Dumb shit about writing.

Over the past week, I’ve started working on new Lawrence Arms songs. It’s a funny process, getting into this kind of thing, especially after so long but essentially it’s the same as it ever was (although now I have to get bananas and turn on Zooboomafoo and shit at any given moment and my concentration goes completely out the fucking window).   Essentially, with a few weird exceptions, I always start off writing lyrics first, and I sit down and just kind of go for it. Right now, I have about three different times in the day when I sit down and crank out at least a page: in the morning, and then again twice during my kids’ naps. Sometimes I’ll do another page at night, but it really depends. At any given point when I get a free second, I’ll just pick up a guitar and see if any of these various pages of words inspire any rhythms or melodies and I’ll try to crank out at least a verse, a bridge or a chorus, though usually when something really works, the whole thing pops out almost fully formed.

At first (and this is the stage I’m in now), the lyrics are really bad. They’re overwrought and too sincere and generally crappy (I’ve said this before in this space and I can’t overstate it: anyone who wants to be a creative writer of any kind, lyrics, poetry, prose, should read Thomas Mann’s Death In Venice for a spectacular treatise on how sincerity and sentimentality are poison to compelling work).

It’s a lot like skateboarding for the first time after a long winter or getting back out in the dating scene after a big relationship. At first, you overthink everything. You’re out of practice and that only serves to highlight the perceived gap in how good you USED to be at this compared to how good you currently are. This saps your confidence, which is the one thing you absolutely need in order to push through your rustiness and into any place that could be considered new and exciting. The only way around this is to be compulsive (or really disciplined) and just go for it constantly. Eventually, the routine of writing 3 times a day or more will overwhelm the lack of self confidence and the rustiness.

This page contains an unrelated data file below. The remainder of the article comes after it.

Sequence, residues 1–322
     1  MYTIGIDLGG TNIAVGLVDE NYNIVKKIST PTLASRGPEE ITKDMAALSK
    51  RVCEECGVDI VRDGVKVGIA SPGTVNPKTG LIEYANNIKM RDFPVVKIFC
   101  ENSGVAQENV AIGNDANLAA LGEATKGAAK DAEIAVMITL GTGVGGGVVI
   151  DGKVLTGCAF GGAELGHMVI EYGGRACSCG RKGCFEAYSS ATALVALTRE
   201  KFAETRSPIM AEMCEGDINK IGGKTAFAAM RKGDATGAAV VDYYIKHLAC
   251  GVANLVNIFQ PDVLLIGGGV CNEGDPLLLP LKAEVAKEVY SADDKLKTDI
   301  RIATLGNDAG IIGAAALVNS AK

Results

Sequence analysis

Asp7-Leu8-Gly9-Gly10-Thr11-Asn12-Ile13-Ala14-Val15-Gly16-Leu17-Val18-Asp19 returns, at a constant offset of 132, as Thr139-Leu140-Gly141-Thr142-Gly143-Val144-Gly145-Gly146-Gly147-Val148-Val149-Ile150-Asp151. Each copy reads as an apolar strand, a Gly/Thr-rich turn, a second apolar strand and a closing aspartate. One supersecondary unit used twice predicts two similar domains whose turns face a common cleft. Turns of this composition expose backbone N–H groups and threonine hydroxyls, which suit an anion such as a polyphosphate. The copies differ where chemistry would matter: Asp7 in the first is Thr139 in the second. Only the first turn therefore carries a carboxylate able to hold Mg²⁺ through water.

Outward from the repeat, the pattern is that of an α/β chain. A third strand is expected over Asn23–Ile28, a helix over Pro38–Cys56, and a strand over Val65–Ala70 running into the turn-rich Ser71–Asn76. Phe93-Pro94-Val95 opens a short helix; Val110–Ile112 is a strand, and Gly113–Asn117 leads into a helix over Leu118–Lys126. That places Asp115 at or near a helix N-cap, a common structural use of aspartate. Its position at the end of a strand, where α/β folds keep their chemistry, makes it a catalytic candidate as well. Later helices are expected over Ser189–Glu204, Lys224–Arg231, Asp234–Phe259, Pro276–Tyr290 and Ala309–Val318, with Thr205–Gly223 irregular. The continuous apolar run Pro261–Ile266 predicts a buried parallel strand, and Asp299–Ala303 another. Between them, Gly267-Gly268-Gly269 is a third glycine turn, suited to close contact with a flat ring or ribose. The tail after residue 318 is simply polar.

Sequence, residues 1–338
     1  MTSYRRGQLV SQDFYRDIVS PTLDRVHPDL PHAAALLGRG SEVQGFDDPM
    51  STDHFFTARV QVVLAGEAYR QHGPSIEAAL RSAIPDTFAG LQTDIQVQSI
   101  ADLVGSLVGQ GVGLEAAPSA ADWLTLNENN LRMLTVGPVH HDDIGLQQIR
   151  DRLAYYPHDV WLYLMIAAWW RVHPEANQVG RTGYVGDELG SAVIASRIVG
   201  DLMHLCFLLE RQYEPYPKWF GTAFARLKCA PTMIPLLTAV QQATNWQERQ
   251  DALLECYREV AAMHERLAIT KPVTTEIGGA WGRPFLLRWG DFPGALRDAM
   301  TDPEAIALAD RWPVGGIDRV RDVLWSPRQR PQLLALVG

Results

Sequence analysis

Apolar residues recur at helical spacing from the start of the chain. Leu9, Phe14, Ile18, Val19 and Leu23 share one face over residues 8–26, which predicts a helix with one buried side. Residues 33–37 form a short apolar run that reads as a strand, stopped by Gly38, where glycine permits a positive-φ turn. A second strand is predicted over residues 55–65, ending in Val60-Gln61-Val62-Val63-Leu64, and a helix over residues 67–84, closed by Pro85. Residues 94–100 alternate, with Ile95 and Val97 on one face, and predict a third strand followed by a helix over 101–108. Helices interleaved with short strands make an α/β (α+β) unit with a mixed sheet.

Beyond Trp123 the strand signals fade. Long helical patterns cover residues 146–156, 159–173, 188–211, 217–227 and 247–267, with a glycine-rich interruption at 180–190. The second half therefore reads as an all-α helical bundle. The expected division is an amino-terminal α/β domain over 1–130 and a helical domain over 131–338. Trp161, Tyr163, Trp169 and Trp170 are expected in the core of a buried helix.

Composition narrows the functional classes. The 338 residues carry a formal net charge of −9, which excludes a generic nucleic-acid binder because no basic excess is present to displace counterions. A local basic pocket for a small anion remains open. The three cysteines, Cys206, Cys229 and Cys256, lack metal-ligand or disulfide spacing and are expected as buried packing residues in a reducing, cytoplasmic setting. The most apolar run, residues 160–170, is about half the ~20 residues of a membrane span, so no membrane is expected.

Once all the overwrought sentimental shit that’s clogging the line works its way out of me (you, whoever), I find that in my boredom with the exercise of compulsively writing, I start to fuck around a little bit. Once humor enters into the equation (naturally…you can’t force humor any more than you can force a baby or a dog to eat) shit starts to get interesting. Humor is the key and is, along with confidence, the most crucial ingredient to good writing, especially in lyrical form.